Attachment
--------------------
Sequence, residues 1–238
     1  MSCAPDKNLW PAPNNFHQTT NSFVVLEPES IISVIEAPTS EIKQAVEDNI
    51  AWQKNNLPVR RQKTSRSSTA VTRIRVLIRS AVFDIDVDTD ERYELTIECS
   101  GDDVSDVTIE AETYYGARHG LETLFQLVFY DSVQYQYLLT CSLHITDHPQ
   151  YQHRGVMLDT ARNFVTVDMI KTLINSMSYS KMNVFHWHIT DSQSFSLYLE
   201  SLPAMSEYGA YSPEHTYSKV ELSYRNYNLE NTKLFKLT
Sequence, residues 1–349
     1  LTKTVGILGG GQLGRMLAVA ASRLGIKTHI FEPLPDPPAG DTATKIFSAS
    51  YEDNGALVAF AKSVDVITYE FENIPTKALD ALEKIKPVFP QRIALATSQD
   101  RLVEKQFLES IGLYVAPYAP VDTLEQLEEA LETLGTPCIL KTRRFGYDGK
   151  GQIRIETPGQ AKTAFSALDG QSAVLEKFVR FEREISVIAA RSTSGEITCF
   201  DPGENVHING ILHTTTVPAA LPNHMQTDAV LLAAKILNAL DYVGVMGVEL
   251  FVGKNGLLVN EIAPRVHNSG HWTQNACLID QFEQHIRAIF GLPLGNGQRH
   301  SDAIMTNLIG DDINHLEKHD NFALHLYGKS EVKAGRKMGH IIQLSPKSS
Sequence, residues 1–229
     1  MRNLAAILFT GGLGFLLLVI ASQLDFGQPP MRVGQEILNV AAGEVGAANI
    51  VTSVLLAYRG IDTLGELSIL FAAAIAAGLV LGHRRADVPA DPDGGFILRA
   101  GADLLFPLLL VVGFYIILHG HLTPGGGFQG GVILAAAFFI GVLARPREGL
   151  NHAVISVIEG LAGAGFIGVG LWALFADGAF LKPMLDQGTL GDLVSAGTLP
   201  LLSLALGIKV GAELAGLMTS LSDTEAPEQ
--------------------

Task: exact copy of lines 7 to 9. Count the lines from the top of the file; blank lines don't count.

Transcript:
Sequence, residues 1–349
     1  LTKTVGILGG GQLGRMLAVA ASRLGIKTHI FEPLPDPPAG DTATKIFSAS
    51  YEDNGALVAF AKSVDVITYE FENIPTKALD ALEKIKPVFP QRIALATSQD